Though his moment of triumph seemed to come at breakneck speed over the past fortnight, five long years of patience were handsomely rewarded. He waited, he tried, he fought, he tried again and he failed. But finally, surreally, Roger Federer really did make it.

Federer’s aggression

“I told myself to play free,” said Federer afterwards. “That's what we discussed with Ivan and Severin before the matches. You play the ball, you don't play the opponent. Be free in your head, be free in your shots, go for it. The brave will be rewarded here. I didn't want to go down just making shots, seeing forehands rain down on me from Rafa. I think it was the right decision at the right time.”

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One of the most essential qualities of late career Federer has been the manner in which he has narrowed and focused his tactics, the aforementioned aggression more than ever before. A necessary reaction to Novak Djokovic’s supremacy, viewers and most rivals became more accustomed to Federer’s aggression throughout 2014 and 2015.

However, as some rushed to emphasize the supremacy of Nadal in this great match-up of contrasting styles, this one detail was missed. Nadal hasn’t faced Federer in a meaningful Slam match since the 2014 Australian Open. This showed as the Spaniard spoke in defeat. Nadal’s constant mentions of Federer’s obvious aggression, and the fact that he was unable to find solutions to combat it, highlighted the fact that he simply wasn’t accustomed to his rival’s updated style of play.

“But is true that after I had the break, he played very aggressive, hitting a lot of great shots. So was tough to hold the serve every time, no?” Nadal said. “I had the chance to keep holding the serve. If I hold that one, you never know. You are two games, just two games away. But I didn't, so... Well, that's it, no? I believe that he played super aggressive during the whole match. Tough chances to play the way I wanted to play. But still like this, I played, I think, with the right attitude, trying to do my things, fighting for every ball.”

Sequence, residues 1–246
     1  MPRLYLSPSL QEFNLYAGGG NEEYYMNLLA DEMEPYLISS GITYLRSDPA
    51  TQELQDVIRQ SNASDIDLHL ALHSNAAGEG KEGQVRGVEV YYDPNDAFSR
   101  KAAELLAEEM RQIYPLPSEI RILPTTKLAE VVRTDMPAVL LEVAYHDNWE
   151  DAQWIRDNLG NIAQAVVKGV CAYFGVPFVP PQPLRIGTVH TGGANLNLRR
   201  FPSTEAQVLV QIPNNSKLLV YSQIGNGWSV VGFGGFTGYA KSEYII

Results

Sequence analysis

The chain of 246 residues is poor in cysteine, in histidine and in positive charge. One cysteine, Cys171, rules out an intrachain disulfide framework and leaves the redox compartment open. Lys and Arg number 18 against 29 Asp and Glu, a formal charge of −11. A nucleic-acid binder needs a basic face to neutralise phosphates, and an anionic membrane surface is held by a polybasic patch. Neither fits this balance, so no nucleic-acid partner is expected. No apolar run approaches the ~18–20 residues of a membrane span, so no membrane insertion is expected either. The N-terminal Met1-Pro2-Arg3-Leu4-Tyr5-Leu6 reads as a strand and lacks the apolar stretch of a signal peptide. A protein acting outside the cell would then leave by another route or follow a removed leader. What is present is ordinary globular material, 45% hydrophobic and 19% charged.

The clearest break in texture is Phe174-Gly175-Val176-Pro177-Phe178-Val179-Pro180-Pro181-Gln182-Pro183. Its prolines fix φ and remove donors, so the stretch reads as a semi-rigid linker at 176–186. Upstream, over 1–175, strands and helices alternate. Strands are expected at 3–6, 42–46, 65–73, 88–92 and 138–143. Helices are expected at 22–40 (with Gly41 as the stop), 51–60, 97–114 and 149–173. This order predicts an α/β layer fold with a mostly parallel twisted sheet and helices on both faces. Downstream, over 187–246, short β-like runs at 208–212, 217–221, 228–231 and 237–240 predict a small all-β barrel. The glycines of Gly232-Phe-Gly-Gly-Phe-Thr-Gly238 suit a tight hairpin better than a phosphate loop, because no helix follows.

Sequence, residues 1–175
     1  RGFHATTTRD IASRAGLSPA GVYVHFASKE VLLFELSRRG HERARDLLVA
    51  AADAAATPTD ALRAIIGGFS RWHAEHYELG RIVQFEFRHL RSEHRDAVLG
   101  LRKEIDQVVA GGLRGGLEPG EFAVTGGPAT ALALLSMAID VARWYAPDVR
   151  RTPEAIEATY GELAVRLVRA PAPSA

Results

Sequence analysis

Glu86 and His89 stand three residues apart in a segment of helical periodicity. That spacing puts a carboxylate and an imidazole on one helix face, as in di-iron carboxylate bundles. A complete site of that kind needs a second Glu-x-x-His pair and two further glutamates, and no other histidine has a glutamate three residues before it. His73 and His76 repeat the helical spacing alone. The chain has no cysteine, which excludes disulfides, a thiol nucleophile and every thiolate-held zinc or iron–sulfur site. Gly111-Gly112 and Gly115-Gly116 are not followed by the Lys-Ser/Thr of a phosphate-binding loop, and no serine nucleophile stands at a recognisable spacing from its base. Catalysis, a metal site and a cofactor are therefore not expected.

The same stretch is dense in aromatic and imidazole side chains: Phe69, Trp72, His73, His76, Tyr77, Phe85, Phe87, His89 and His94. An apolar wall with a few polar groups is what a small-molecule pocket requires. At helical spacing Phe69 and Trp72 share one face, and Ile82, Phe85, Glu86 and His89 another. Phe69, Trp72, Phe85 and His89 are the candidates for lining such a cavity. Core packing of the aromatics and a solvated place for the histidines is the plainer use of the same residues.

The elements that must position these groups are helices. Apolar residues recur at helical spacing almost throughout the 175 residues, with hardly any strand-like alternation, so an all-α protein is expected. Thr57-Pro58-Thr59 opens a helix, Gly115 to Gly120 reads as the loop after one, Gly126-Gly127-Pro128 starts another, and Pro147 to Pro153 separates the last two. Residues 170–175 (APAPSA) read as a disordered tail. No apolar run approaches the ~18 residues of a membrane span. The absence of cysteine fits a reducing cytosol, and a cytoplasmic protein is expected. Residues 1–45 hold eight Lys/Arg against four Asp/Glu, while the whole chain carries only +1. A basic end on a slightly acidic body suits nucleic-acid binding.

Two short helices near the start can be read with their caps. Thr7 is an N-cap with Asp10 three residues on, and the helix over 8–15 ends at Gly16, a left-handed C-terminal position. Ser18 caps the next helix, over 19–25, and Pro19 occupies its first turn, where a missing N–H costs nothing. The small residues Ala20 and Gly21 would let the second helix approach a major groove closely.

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It’s ironic considering, throughout their careers, Nadal was always the tinkerer, dramatically changing countless aspects of his game, while Federer favoured the rigid security of his talent. But in these later years, the roles have delicately reversed. As Nadal continues his search to rediscover the old dimensions of his game - his effective serve, his omnipotent forehand down the line - Federer and, in particular, the aggression radiating off his backhand side as well as his forehand, his own tinkering proved key to upheaving enough aspects of this horrendous match-up for him to turn it in his favour.

The tennis never stops. Up in St. Petersberg, a group of young WTA stars including Daria Kasatkina, Daria Gavrilova, Kristina Mladenovic and Belinda Bencic, Federer’s countrywoman and doubles partner earlier in the month, put off their final preparations for the new tournament in order to watch the great final.

Despite the Australian Open ending in two otherworldly feel-good moments that helped to distract from the troubles of today, not all subjects can be avoided. Before the finals, Australian Open released a video of the players wishing Petra Kvitova well after last year’s ordeal.

Quote of the final

Roger Federer:

" It's beautiful for all of us. I know how happy [my team is] because they are more than just a coach or a physio or whatever. They're all my friends. So we spent a lot of time, you know, talking about am I going to get back to 100%, and if I did, what would it require to win a Grand Slam. Now we made it. We're going to be partying like rock stars tonight. I can tell you that."